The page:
Does The Estée Lauder Companies Inc.'s (NYSE:EL) Debt Level Pose A Problem?

Simply Wall St

Investors seeking to preserve capital in a volatile environment might consider large-cap stocks such as The Estée Lauder Companies Inc. (NYSE:EL) a safer option. Doing business globally, large caps tend to have diversified revenue streams and attractive capital returns, making them desirable investments for risk-averse portfolios. But, the key to extending previous success is in the health of the company’s financials. Today we will look at Estée Lauder Companies’s financial liquidity and debt levels, which are strong indicators for whether the company can weather economic downturns or fund strategic acquisitions for future growth. Note that this information is centred entirely on financial health and is a high-level overview, so I encourage you to look further into EL here.

View our latest analysis for Estée Lauder Companies

EL’s Debt (And Cash Flows)

EL has shrunk its total debt levels in the last twelve months, from US$3.8b to US$3.4b , which also accounts for long term debt. With this debt payback, the current cash and short-term investment levels stands at US$2.4b , ready to be used for running the business. Moreover, EL has generated cash from operations of US$2.4b in the last twelve months, leading to an operating cash to total debt ratio of 71%, meaning that EL’s debt is appropriately covered by operating cash.

Can EL pay its short-term liabilities?

Looking at EL’s US$3.8b in current liabilities, the company has maintained a safe level of current assets to meet its obligations, with the current ratio last standing at 1.71x. The current ratio is the number you get when you divide current assets by current liabilities. Usually, for Personal Products companies, this is a suitable ratio as there's enough of a cash buffer without holding too much capital in low return investments.

NYSE:EL Historical Debt, April 19th 2019

Is EL’s debt level acceptable?

EL is a relatively highly levered company with a debt-to-equity of 78%. This isn’t uncommon for large companies because interest payments on debt are tax deductible, meaning debt can be a cheaper source of capital than equity. Accordingly, large companies often have lower cost of capital due to easily obtained financing, providing an advantage over smaller companies. No matter how high the company’s debt, if it can easily cover the interest payments, it’s considered to be efficient with its use of excess leverage. As a rule of thumb, a company should have earnings before interest and tax (EBIT) of at least three times the size of net interest. For EL, the ratio of 32.17x suggests that interest is comfortably covered. High interest coverage serves as an indication of the safety of a company, which highlights why many large organisations like EL are considered a risk-averse investment.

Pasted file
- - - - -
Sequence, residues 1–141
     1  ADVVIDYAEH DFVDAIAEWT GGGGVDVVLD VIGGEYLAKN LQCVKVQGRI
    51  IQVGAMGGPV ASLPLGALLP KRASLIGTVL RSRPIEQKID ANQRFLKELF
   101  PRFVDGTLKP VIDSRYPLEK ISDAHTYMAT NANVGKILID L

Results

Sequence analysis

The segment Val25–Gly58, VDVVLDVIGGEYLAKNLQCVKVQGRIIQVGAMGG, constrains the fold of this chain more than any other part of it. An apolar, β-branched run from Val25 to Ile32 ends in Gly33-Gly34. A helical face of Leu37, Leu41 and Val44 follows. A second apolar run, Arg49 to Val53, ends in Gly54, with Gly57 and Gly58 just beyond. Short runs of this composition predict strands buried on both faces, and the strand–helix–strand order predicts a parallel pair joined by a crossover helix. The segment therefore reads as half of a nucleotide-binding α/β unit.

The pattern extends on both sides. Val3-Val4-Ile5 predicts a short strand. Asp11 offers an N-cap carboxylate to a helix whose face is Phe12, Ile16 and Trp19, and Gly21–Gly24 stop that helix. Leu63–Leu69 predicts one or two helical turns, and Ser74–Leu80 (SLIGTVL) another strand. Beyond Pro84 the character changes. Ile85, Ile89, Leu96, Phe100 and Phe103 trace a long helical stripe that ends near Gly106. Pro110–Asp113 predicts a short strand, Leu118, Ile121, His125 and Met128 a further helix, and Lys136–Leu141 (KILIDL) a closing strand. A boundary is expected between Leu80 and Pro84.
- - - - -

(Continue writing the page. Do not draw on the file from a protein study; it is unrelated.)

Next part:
Next Steps:

EL’s high cash coverage means that, although its debt levels are high, the company is able to utilise its borrowings efficiently in order to generate cash flow. Since there is also no concerns around EL's liquidity needs, this may be its optimal capital structure for the time being. This is only a rough assessment of financial health, and I'm sure EL has company-specific issues impacting its capital structure decisions. I suggest you continue to research Estée Lauder Companies to get a better picture of the large-cap by looking at:

  1. Future Outlook: What are well-informed industry analysts predicting for EL’s future growth? Take a look at our free research report of analyst consensus for EL’s outlook.
  2. Valuation: What is EL worth today? Is the stock undervalued, even when its growth outlook is factored into its intrinsic value? The intrinsic value infographic in our free research report helps visualize whether EL is currently mispriced by the market.
  3. Other High-Performing Stocks: Are there other stocks that provide better prospects with proven track records? Explore our free list of these great stocks here.

We aim to bring you long-term focused research analysis driven by fundamental data. Note that our analysis may not factor in the latest price-sensitive company announcements or qualitative material.

If you spot an error that warrants correction, please contact the editor at This article by Simply Wall St is general in nature. It does not constitute a recommendation to buy or sell any stock, and does not take account of your objectives, or your financial situation. Simply Wall St has no position in the stocks mentioned. Thank you for reading.